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In the chamber as working as a deep sea diver. The storage depth is 129 meters. Can be in here for 4 weeks inc decompression. UK sector.
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Old 9 November 2011, 09:42 AM   #10
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In the chamber as working as a deep sea diver. The storage depth is 129 meters. Can be in here for 4 weeks inc decompression. UK sector.
All I can say is WOW I had no idea you could be in there that long!
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Old 9 November 2011, 09:46 AM   #11
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I know! Only on day 4! still works out well 4 xmas!
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Old 9 November 2011, 09:47 AM   #12
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You sir are truly one of the few individuals best suited for the SD/DSSD!
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Old 9 November 2011, 09:48 AM   #13
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The problem makes sense. If you are in a higher pressure environment than sea level, the watch will be a vacuum inside. The seal in the tube will not allow it to equalize. That is how it should act. Why do you have to set the watch? Did your timezone change? As far as winding, you could bring a winder, or use the movement of your wrist. I would say you are stuck as far as setting it. I would not force it out, as it may brake the stem.

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Old 9 November 2011, 09:56 AM   #14
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Just curious. How deep were you and how long at that depth to have to decompress for 4 weeks?
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Old 9 November 2011, 10:02 AM   #15
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This is a way cool post! Posting to follow!!!
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Old 9 November 2011, 10:04 AM   #16
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At the moment 129 meters. Next job is deeper so decompression will take nearly 7 days. Which means we would have to start on day 21. So we keep to 28 days max.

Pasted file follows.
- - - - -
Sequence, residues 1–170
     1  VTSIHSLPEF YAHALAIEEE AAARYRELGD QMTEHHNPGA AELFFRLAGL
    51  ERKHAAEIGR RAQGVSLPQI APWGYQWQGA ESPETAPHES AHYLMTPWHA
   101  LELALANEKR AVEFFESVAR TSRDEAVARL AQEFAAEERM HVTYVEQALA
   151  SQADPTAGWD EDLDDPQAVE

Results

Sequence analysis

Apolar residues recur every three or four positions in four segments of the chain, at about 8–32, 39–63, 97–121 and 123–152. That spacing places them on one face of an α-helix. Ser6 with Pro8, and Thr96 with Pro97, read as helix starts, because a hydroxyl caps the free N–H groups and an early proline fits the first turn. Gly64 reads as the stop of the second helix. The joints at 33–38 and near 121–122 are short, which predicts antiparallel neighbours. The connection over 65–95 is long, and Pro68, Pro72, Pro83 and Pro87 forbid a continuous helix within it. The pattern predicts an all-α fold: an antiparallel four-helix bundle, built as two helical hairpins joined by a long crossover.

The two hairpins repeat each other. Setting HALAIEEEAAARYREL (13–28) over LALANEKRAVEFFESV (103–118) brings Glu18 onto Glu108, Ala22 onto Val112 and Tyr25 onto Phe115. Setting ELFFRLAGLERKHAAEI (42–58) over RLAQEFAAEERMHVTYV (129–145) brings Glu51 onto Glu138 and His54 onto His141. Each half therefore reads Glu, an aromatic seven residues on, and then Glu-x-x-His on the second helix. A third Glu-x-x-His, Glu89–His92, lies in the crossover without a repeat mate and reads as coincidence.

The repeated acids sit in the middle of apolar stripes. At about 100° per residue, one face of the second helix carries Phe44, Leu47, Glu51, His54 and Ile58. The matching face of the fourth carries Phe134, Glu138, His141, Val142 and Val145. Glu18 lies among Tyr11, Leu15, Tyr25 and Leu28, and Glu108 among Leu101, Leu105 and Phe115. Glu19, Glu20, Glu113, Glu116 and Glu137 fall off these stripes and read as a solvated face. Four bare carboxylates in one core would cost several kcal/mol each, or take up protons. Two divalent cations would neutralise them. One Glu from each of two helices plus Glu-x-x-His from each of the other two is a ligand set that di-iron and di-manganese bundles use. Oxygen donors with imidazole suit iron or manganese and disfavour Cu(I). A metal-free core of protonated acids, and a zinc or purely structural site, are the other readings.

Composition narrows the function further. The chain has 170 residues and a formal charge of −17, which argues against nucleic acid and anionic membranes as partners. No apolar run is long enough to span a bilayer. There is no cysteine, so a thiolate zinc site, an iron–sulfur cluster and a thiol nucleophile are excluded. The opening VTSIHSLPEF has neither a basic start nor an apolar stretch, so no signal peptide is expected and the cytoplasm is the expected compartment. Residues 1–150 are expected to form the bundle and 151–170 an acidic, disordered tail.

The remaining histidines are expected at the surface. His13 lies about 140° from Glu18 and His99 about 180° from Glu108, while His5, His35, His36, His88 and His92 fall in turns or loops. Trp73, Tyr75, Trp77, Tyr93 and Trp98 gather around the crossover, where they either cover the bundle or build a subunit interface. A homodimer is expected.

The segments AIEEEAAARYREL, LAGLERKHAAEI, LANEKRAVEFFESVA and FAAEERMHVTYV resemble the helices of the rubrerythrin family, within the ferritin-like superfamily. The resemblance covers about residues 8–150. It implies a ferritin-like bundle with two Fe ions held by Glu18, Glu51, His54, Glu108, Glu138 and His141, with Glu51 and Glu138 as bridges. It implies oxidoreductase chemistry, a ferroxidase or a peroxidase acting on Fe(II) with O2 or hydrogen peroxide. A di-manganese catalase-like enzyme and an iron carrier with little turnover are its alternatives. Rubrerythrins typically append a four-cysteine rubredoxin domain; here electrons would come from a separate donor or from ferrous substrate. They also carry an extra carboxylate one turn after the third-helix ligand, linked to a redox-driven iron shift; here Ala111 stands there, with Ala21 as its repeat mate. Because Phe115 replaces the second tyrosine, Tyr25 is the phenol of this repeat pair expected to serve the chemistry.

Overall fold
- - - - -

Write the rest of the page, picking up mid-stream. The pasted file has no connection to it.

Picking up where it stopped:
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Old 9 November 2011, 10:09 AM   #17
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The crown when opened is still designed to keep the watch sealed. The pressure in the watch is less than outside. I don't think you actually have an issue. I don't think the crown is supposed to be unscrewed at pressure.

I have a few friends that are sat divers for Oceaneering. One actually told me about a fellow diver that had a Sub blow the glass out of a watch. I asked him for picks but never got them. The SD is still the most common watch they said but a lot of the divers switched to oil filled watches too. I think Sinn makes one that's oil filled and can handle any pressure.
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Old 9 November 2011, 10:15 AM   #18
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Only 3771 meter left of safe use of your DSSD! Very cool to hear about a watch doing the job it was designed for. My ExplorerII keeps asking to go caving, but so far I haven't let it.
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Old 9 November 2011, 10:22 AM   #19
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Quote:
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In the chamber as working as a deep sea diver. The storage depth is 129 meters. Can be in here for 4 weeks inc decompression. UK sector.
My rough calculations have you at about 164psi at a minimum. Thats way more than enough to cause your original issues.